In the 65 years since she decided to become an architect, Eva Jiřičná has never regretted her choice. Conviction, commitment and chance have contributed to a remarkable career
Eva Jiřičná was born in Zlín in Czechoslovakia, and has lived in London since 1968. For many years she headed Eva Jiřičná Architects, and is a co-founder of Prague-based AI DESIGN.
Knowing what you know now, did you make the right decision to be an architect?
It was not my first choice. I wanted to read chemistry, but I’d closed the door to my favourite subject by taking A-level physics instead because I hated my chemistry teacher. Architecture happened to be among the other things I’d considered, and I finally went for it only because everybody told me to avoid it – architecture was considered a man’s subject in which girls could never have a chance...
I made that decision when I was 17. I’m 82 now, and there’s never been a moment when I’ve wished I’d done anything else. The minute I started studying it, I fell for it and have loved it ever since.
How difficult was it for you moving to London and making a career there when you weren’t able to return home?
I was extremely lucky. After a chance meeting in Prague with a deputy architect of the GLC, I got an invitation to work for them for one year. I accepted, since I always wanted to get some experience and learn English. Eventually – after a long struggle with Czech authorities for permission to leave the country – I arrived in 1968 in swinging London. For a person who had spent all her previous life living in a dictatorship, it was inevitably an enormous culture shock. But it was such a fulfilling experience, and I enjoyed it totally. Of course, I had no idea that it would be 22 years before I would be able to see my family, country and friends again. Three weeks after I arrived, the Russian Invasion of Czechoslovakia took place and my passport was abolished.
There were hard moments. I had no money – but then no-one did – and I had to help my 17-year old brother who had come by pure coincidence to England to learn some English, and who realised that if he returned, he would never have a chance to study. I was also going through a divorce, and our father was dying.
What was your breakthrough project?
The GLC was short of work so I decided to look for another job. I applied for everything that was advertised in the AJ and got offered practically everything because we were all taught to draw very well in my own country, and we had a very good technical background. I chose Louis de Soissons Partnership, because I was attracted to work on the Brighton Marina project, and remained there for more than 10 years. I’d never been to the seaside, and to build something on the south coast was fantastic.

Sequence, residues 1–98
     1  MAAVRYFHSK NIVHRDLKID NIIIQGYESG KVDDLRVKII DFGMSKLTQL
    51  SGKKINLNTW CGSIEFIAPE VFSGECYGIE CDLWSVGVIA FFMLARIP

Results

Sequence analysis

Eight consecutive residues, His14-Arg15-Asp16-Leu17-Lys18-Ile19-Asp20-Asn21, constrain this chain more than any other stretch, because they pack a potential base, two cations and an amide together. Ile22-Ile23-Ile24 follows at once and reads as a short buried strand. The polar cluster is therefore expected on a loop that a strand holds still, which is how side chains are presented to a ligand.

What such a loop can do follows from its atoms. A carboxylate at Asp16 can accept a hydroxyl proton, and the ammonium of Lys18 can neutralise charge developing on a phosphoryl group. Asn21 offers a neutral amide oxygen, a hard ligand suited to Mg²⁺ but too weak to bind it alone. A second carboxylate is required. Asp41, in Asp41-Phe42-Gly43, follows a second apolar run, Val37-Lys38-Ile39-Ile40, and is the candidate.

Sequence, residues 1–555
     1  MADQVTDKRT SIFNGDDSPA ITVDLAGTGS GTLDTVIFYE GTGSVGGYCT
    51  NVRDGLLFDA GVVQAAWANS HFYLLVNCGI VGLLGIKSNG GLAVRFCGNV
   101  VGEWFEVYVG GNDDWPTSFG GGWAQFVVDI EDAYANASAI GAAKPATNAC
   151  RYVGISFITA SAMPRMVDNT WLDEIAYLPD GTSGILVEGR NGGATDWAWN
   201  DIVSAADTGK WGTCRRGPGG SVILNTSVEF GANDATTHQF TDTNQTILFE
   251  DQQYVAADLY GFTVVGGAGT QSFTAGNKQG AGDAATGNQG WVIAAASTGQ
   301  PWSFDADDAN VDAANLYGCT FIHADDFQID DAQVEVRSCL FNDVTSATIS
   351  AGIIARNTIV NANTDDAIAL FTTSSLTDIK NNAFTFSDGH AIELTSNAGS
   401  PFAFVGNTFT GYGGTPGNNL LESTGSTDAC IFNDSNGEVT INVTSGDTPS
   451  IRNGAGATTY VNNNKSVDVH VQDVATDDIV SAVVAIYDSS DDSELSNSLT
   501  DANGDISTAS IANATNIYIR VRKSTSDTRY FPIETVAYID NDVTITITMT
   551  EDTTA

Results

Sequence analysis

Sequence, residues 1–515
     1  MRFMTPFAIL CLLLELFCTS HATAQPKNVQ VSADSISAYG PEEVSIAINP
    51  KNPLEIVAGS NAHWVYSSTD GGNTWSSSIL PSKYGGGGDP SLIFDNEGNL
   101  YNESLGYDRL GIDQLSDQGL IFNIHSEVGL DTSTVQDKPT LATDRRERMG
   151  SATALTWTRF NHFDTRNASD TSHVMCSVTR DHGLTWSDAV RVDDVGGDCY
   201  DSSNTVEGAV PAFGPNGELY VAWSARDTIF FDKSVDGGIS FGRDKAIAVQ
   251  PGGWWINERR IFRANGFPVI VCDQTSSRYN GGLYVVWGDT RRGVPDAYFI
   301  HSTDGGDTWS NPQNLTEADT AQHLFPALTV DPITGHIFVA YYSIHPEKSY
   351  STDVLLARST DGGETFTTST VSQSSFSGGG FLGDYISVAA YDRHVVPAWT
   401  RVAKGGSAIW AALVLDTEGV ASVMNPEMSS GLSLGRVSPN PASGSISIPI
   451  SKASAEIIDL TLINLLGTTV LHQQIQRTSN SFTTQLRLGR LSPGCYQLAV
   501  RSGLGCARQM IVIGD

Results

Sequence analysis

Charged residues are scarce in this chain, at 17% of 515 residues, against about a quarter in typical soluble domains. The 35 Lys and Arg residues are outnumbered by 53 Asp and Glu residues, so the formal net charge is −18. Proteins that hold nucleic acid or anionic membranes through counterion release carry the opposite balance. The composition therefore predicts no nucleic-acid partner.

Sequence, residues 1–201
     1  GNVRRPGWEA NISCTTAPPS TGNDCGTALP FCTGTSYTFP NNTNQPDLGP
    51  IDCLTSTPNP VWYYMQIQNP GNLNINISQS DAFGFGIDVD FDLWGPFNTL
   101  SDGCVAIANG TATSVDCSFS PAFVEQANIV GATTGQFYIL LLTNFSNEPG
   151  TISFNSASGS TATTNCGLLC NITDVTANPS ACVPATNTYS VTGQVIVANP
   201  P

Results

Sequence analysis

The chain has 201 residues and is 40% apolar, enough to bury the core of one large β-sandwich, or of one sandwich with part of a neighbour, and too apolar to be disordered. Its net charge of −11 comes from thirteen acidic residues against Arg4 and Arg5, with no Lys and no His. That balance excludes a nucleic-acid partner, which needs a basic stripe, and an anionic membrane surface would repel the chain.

I loved working on that massive project, and I learnt how to handle a task of that calibre with all the complexities which were initially beyond me. I worked with fantastic people – Ove Arup himself and his team of brilliant engineers, all the other consultants of the same quality, and my colleagues, who I learned an enormous amount from. I was left to get on with it, and managed to bring in many other friends like David Nixon and Jan Kaplicky, Peter Cook and Christine Hawley, Keith Priest and Ken Yeang and many others.
How did you become known for interior architecture?
Through the shops and a little flat I did for Joseph. They were published everywhere nationally and internationally and gave me a label of an interior architect. Now, however, I’m back to designing buildings.
Richard Rogers saw one of the shops and asked me to work on the interior of the Lloyds Building. I had a great time working with him and the entire team. Working with Richard was a dream. I was still doing Joseph shops during that time and after the Lloyds Building was complete, I started on my own, by which time I had a commission to design the Way In store at Harrods.
What has given you the most satisfaction in your career as an architect?
I’d say it’s the project that’s coming next. There were a small number of jobs that weren’t enjoyable, maybe because of the client relationship or other difficulties, but generally I can fall in love with anything that people ask me to do and try to do my best. But I can’t single out one project in particular, maybe because I know that there is always one more step left to reach perfection.
What have you found to be the most challenging aspect of your work?